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The Lindisfarne Bible

The 1,300-year-old Lindisfarne Bible spent a year being dragged around the north of England on a cart, fleeing from the Vikings. The first translation of the New Testament into the then-contemporary Old English, it was produced on the island of Lindisfarne, just off the western coast of Britain. The Bible, in nearly perfect condition, has been safely stored in the British Library in London for decades; now it is visiting the Durham Cathedral, to where it was carried when the Christian community of Lindisfarne finally fled from recurring Viking raids. In a 6-minuted news video prepared for Religion & Ethics Newsweekly, a source for cutting edge reporting of religion and faith, correspondent Fred De Sam Lazaro guides an exploration of the creation, history, and cultural and physical construction of the famed, historic Lindisfarne Bible.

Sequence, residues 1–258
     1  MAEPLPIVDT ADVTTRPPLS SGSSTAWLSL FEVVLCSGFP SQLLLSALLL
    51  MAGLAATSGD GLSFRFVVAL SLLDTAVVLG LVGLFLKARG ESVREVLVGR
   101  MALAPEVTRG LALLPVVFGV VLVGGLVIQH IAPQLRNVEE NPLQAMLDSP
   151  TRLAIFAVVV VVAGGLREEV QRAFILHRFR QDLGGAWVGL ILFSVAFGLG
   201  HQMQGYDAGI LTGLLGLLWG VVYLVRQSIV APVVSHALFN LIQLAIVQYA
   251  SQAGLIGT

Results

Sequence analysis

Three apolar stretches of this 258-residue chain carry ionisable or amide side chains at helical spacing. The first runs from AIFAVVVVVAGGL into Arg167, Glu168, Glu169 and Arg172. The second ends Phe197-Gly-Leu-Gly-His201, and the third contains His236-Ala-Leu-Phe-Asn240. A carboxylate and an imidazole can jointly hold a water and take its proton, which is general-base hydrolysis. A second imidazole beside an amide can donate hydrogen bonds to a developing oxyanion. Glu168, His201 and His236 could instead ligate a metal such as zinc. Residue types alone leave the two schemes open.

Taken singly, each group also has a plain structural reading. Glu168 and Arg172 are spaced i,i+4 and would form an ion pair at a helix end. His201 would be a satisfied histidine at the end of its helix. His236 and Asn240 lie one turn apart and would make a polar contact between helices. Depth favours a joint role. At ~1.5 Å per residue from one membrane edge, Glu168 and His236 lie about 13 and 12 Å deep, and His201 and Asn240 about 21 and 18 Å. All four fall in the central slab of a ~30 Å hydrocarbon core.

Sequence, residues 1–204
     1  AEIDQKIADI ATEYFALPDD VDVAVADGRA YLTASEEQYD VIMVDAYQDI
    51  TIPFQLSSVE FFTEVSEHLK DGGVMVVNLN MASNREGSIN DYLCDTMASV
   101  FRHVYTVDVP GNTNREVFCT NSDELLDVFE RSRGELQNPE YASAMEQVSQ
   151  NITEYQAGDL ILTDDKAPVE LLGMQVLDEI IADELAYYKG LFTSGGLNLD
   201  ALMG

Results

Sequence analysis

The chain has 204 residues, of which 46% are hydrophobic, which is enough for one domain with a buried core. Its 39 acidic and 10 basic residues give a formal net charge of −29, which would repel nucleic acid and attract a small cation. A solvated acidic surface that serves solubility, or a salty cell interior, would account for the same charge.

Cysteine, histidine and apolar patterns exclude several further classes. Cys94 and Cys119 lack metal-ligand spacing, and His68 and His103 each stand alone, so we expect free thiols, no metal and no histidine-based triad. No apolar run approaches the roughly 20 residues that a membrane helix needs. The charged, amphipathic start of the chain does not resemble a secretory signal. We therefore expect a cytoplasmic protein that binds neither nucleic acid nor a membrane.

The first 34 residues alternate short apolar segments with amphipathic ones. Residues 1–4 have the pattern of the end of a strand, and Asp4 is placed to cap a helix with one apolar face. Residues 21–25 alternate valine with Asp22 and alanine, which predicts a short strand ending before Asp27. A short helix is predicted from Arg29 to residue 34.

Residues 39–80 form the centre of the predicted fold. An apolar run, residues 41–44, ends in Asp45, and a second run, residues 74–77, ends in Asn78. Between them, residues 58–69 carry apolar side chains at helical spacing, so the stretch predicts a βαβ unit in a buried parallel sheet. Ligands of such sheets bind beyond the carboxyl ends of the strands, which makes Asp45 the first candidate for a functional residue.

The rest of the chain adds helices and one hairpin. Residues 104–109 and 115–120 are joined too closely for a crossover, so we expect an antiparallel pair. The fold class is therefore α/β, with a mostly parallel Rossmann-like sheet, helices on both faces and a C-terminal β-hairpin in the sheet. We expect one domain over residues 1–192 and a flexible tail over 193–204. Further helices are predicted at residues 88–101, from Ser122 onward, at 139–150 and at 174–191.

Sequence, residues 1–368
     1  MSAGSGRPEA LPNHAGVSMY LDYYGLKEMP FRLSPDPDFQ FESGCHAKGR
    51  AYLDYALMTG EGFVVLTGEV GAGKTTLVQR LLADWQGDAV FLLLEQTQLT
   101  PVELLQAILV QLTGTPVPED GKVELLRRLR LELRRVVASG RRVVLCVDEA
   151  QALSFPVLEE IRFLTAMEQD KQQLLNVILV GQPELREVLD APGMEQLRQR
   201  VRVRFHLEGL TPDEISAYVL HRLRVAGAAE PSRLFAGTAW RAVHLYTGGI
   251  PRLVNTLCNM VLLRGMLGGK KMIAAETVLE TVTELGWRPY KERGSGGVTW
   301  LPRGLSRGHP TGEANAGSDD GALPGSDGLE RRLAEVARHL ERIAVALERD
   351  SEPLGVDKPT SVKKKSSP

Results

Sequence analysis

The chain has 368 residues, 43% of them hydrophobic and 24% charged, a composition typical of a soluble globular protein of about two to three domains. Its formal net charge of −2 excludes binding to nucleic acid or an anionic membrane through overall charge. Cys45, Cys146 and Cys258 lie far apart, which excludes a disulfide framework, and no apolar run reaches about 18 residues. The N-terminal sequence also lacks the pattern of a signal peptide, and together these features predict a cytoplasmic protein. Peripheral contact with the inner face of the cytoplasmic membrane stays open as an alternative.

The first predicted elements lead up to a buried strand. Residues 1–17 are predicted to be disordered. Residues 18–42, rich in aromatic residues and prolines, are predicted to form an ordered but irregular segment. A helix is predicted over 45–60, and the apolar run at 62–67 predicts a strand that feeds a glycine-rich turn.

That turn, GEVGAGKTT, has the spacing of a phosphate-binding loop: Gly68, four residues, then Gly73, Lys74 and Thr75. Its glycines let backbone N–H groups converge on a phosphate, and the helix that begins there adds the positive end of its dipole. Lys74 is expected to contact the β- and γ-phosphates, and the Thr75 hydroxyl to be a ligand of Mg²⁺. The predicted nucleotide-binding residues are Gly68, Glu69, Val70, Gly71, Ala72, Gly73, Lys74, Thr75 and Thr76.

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International Peacemaker on Syrian Refugee Crisis at Union Seminary

Dr. Mary Mikhael, a native of Syria, will visit Union Presbyterian Seminary in Richmond October 3, 2018, to address the...

Discovering Hope in the Valley of Dry Bones

Struggling in the valley of dry bones?Listen and subscribe to Faith & Leadership's podcast, Can These Bones. The...

The Heart of a Servant and Faith Like a Child

Here are some sermon resources and art work for the Eighteenth Sunday after Pentecost - September 23, 2018 (Year B)...

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